The Disturbing Wonder of Humanity’s Impact on Earth

Edward Burtynsky is a Canadian photographer obsessed with the way humanity molds the environment, mostly for the worse. Inspired by early memories of a General Motors plant transforming his hometown of St. Catharines, he’s journeyed the world documenting unnatural interventions in the terrain, from sprawling oil fields in California to uranium tailing ponds in Ontario to China’s immensely disruptive Three Gorges Dam.

Over his career, Burtynsky has won many awards (including a TED Prize) and has exhibited in the Tate, the Guggenheim, and other hallowed museums. His latest show will open September 18 at Berkeley’s David Brower Center. The “Art/Act” exhibit honors artists with strong activist leanings—it seems Berkeley was smitten by his way of showing the ”scale of human impact on our environment and the resources re-shaped and exhausted by our consumption.”

From the show’s to-be-released curator’s statement:

Art/Act: Edward Burtynsky features images of the majestic yet dire landscapes that have resulted from the extraction and use of our natural resources. The exhibition primarily focuses on his powerful series, Water. In Water, aerial photos offer expansive vantage points rendering topographies as delicate abstract patterns. Upon closer inspection, the images reveal once abundant water sources as devastated environments. The body of work includes images of the Colorado River Delta in Mexico, Shasta Lake Reservoir and the Salt River Pima-Maricopa Indian Reservation, in addition to images from Spain, China, and The Netherlands. On this timely series Burtynsky writes “My hope is that these pictures will stimulate a process of thinking about something essential to our survival; something we often take for granted—until it’s gone.”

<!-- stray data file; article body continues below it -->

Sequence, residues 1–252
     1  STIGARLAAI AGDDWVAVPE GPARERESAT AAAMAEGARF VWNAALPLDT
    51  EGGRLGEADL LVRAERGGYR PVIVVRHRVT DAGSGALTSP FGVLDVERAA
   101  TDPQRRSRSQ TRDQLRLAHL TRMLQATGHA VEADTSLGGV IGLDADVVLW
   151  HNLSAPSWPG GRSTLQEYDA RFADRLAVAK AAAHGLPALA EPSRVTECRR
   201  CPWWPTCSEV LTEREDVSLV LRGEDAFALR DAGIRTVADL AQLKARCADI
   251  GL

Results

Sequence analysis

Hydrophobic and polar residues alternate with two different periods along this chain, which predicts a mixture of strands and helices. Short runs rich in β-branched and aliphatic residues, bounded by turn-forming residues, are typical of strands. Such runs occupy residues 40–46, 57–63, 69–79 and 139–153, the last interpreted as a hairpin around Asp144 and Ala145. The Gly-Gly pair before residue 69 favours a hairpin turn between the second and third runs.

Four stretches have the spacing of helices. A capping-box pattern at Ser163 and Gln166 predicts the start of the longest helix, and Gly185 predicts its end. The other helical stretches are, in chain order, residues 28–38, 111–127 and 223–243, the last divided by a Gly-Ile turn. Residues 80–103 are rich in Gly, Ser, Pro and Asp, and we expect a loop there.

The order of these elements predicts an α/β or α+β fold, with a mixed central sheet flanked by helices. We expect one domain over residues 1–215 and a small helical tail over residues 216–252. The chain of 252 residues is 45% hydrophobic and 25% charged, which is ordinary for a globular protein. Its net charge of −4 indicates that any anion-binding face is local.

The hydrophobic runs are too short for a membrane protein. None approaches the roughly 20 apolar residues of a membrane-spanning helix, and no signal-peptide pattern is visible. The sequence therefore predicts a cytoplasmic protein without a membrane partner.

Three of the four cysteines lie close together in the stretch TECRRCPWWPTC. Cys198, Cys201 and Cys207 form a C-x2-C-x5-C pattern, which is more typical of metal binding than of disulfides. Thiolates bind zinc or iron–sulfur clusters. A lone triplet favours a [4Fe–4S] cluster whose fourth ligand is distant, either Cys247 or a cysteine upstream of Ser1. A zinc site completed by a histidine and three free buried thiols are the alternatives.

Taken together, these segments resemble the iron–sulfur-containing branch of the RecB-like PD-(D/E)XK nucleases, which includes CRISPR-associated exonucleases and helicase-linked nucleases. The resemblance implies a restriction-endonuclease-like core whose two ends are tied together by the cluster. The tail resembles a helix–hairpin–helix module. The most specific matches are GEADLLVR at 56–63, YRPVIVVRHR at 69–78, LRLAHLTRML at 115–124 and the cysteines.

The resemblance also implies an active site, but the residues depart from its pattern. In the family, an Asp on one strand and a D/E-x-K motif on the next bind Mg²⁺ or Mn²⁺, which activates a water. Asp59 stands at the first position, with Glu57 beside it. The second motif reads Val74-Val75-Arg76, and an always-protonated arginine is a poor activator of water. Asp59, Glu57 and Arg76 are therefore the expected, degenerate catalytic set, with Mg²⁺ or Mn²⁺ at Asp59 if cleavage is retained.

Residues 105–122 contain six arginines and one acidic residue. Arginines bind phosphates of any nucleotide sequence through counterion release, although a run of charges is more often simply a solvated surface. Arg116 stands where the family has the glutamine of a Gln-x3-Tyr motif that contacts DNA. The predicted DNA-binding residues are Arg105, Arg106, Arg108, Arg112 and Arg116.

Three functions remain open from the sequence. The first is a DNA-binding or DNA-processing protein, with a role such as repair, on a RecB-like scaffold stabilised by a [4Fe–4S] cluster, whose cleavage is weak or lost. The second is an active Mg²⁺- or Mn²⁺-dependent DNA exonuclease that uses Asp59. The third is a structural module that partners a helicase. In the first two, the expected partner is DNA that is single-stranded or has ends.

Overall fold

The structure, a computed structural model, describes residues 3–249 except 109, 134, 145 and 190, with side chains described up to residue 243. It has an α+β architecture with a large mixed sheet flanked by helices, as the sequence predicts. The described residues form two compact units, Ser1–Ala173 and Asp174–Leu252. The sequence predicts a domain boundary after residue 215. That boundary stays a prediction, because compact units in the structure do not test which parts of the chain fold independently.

Locals will be able to visit the show until February 4; for everyone else, here’s a selection of its photos courtesy of the Nicholas Metivier Gallery, Toronto, and the Rena Bransten Gallery, San Francisco.

(original article)